The Carlisle Mosquito Online

Friday, January 29, 2010


“Neighborhood watch!”

A cynical proposal

Soon the Town may have the only chance in a generation to re-think and possibly re-negotiate the agreement that ties Carlisle to the Minuteman Career and Technical High school regional district. School leaders have decided to seek funds to renovate or reconstruct the nearly 40-year-old building, which means that the school will have to ask member towns for approval to borrow for reconstruction twice, for a feasibility study at Town Meeting this spring, then for construction costs in a future year.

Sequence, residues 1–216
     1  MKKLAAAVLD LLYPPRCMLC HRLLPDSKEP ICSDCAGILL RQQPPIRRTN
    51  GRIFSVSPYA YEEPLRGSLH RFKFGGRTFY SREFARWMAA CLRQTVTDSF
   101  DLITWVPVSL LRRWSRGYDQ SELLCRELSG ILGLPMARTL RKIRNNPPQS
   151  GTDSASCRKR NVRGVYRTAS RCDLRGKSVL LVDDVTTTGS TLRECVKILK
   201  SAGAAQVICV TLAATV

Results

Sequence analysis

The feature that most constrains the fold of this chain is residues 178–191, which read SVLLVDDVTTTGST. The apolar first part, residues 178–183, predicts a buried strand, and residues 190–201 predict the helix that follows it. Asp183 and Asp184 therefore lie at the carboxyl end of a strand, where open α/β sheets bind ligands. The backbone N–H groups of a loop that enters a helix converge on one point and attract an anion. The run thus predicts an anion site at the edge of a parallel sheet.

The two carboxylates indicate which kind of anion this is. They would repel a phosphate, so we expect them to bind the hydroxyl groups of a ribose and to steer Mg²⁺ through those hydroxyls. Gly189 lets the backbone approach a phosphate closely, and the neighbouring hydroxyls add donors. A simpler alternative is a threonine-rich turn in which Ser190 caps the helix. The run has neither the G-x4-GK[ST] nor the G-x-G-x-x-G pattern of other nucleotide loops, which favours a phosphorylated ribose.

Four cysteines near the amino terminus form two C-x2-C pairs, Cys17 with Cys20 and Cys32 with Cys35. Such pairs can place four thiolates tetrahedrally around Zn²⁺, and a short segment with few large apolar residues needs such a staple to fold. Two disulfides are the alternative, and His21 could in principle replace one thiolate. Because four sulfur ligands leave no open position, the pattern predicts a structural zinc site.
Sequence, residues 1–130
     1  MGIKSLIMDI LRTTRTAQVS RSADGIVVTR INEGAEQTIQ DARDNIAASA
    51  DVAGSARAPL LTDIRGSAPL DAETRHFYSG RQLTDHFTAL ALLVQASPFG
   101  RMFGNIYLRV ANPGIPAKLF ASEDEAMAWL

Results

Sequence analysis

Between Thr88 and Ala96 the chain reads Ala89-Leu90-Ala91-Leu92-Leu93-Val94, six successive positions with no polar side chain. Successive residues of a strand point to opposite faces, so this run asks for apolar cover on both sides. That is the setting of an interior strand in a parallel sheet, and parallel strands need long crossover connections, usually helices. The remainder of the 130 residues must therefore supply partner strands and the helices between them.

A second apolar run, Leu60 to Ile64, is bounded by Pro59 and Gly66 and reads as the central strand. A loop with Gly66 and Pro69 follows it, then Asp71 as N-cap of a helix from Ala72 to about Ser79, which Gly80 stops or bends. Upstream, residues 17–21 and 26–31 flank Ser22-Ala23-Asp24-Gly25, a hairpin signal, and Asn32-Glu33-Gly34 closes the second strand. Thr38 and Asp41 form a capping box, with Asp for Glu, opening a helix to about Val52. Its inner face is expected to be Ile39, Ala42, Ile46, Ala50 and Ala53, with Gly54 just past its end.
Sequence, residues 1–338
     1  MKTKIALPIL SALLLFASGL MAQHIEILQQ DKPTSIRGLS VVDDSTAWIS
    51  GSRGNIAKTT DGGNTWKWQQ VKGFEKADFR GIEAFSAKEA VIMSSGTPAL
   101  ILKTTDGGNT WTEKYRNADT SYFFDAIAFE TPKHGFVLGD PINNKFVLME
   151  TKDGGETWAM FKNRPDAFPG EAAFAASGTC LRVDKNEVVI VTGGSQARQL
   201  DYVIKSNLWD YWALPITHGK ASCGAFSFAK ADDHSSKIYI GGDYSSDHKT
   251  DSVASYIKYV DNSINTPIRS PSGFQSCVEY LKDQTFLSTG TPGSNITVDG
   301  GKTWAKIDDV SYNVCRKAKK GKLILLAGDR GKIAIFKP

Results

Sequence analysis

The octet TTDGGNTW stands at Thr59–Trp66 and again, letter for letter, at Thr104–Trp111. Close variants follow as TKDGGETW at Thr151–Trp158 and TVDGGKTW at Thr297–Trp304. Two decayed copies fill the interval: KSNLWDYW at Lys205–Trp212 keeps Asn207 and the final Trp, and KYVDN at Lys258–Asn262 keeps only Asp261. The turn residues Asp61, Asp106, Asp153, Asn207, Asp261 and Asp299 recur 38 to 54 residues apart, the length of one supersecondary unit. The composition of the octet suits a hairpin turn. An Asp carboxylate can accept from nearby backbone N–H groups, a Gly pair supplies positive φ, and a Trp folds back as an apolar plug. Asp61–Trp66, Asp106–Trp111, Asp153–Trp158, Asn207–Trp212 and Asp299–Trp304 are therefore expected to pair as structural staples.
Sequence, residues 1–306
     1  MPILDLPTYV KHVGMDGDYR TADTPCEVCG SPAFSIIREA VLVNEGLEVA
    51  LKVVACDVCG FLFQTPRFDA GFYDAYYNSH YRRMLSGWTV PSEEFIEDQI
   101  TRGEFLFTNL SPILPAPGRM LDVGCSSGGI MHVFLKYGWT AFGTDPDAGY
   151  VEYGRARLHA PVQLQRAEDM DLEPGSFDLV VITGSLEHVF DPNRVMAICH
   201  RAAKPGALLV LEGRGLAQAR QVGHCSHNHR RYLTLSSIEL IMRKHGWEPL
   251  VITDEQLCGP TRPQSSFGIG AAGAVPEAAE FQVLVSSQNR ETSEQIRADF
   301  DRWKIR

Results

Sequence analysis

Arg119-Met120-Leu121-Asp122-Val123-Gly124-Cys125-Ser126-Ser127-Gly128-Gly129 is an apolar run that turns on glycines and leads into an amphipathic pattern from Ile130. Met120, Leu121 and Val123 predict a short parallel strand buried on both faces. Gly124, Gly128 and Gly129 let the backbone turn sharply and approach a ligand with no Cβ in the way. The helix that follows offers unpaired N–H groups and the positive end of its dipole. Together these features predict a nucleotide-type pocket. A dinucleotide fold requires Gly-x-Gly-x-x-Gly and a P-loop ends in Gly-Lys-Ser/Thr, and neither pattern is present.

Our potential leverage derives from the requirement that all 16 member towns must approve the project. Unanimity is unlikely. Fifteen years ago the state’s education reform law substituted a murky formula for the proportional assessments dictated by the regional agreement, and ever since some towns, including Carlisle, have been frustrated at paying much higher costs per student than others, with essentially no recourse. (This situation has eased somewhat; the school has raised tuition for out-of-district students and substantially reduced next year’s budget, which with other changes will bring Carlisle’s cost per student down considerably. (see page 1) Anticipating resistance, the Minuteman School Committee has just appointed a task force to recommend changes to the 1970 regional agreement. Luckily for Carlisle, Thornton Ash, Long-Term Capital Requirements Committee (LTCRC) member and former FinCom chair, will be a member. It is this revision process, combined with the possibility of withholding approval of new construction, that seems most likely to give Carlisle an opening to alter our relations with the district, though when and how such a negotiation might take place, and who might be involved, are unpredictable.